I am attempting to simulate a double spherical pendulum, i.e. a combination of the spherical pendulum and the double pendulum.

I understand that the equations of motion can be derived via the Lagrangian and the Euler-Lagrange equations. However this method rapidly becomes very messy.

Is there an alternate method that could be used to simplify the calculations required?


This is an update to specify the Lagrangian of the system as requested in the comments.

We have two spherical pendulums, denoted $1$ and $2$. The lengths of each pendulum $l_1=l_2=1$ whilst the masses $m_1=m_2=1$.

There are two parameters that describe the location of the pendulum mass $\theta$, the angle from the vertical, and $\phi$ the azimuthal angle about the vertical axis. For a diagram see here.

The locations of the masses $r_1 , r_2$ are therefore given by (for a vertical $z$ axis): $$x_1 = sin(\theta_1)cos(\phi_1)$$ $$y_1 = sin(\theta_1)sin(\phi_1)$$ $$z_1 = -cos(\theta_1)$$


$$x_2 = x_1+sin(\theta_2)cos(\phi_2)$$ $$y_2 = y_1+sin(\theta_2)sin(\phi_2)$$ $$z_2 = z_1-cos(\theta_2)$$

The Lagrangian is given by the difference between the kinetic and potential energies $L = E_k -E_p$

$$E_k = \frac{1}{2} \left( \dot{r}_1^2 +\dot{r}_2^2 \right)$$ $$E_p = g (z_1 +z_2)$$

The Lagrangian then follows simply from taking the time derivatives of $r_1$ and $r_2$. (Note that this leads me to a very long and complicated form the Lagrangian)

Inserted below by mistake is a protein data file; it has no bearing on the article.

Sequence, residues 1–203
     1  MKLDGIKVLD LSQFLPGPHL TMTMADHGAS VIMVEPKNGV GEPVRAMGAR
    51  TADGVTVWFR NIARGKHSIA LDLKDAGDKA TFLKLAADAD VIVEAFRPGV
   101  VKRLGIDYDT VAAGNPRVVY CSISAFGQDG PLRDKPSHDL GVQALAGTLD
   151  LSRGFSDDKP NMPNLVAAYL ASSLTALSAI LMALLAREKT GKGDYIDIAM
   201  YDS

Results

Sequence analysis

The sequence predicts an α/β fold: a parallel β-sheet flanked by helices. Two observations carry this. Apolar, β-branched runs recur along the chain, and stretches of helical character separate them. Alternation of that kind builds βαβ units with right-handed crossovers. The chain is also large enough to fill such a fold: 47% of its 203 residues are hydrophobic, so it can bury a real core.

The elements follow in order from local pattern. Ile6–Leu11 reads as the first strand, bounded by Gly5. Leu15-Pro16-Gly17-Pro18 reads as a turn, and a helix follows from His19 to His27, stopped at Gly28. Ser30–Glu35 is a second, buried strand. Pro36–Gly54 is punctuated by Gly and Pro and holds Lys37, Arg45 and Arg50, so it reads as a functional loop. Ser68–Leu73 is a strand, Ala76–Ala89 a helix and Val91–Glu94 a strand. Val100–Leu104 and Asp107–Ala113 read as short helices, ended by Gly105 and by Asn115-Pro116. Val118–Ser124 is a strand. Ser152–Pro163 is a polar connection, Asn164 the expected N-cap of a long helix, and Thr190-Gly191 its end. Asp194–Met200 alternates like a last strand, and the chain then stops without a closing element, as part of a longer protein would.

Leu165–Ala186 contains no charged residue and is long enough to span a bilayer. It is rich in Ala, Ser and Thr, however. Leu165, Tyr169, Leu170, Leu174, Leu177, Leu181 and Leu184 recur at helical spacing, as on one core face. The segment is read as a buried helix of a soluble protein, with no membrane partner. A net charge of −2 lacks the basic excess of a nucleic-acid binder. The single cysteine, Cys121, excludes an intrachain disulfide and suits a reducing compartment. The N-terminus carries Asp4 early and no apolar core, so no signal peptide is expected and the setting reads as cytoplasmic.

• $\begingroup$ I am afraid that this problem actually IS very messy. Traditional way is to use the small amplitude approximation. $\endgroup$ Nov 20, 2015 at 10:54
  • 2
    $\begingroup$ Hi Tom. If you haven't already done so, please take a minute to read the definition of when to use the homework-and-exercises tag, and the Phys.SE policy for homework-like problems. $\endgroup$
    – Qmechanic
    Nov 20, 2015 at 11:10
  • 10
    $\begingroup$ ...this method rapidly becomes very messy. welcome to physics ;) $\endgroup$
    – Kyle Kanos
    Nov 20, 2015 at 12:30
  • $\begingroup$ Thanks for all comments. Qmechanic have read the policy now and so accept your edit :). I am happy to accept these comments as an answer. What is the protocol in this situation? Thanks all $\endgroup$
    – Tom
    Nov 20, 2015 at 13:24
  • $\begingroup$ @Tom If you can't be bothered to go through the derivation of the e.o.m. yourself (it's not that tedious), you can do it easily in a program like Mathematica. $\endgroup$
    – JamalS
    Nov 20, 2015 at 16:02

1 Answer 1


Not that I know of. However if you're fine with considering only small oscillations, then you can replace $\sin \theta$ by $\theta$ and $\cos \theta$ by $1-\frac{\theta^2}{2}$. This might make things simpler although the solution you get will be acceptable for small angles.

  • $\begingroup$ This is explained here $\endgroup$
    – Leander
    Sep 30, 2019 at 9:12

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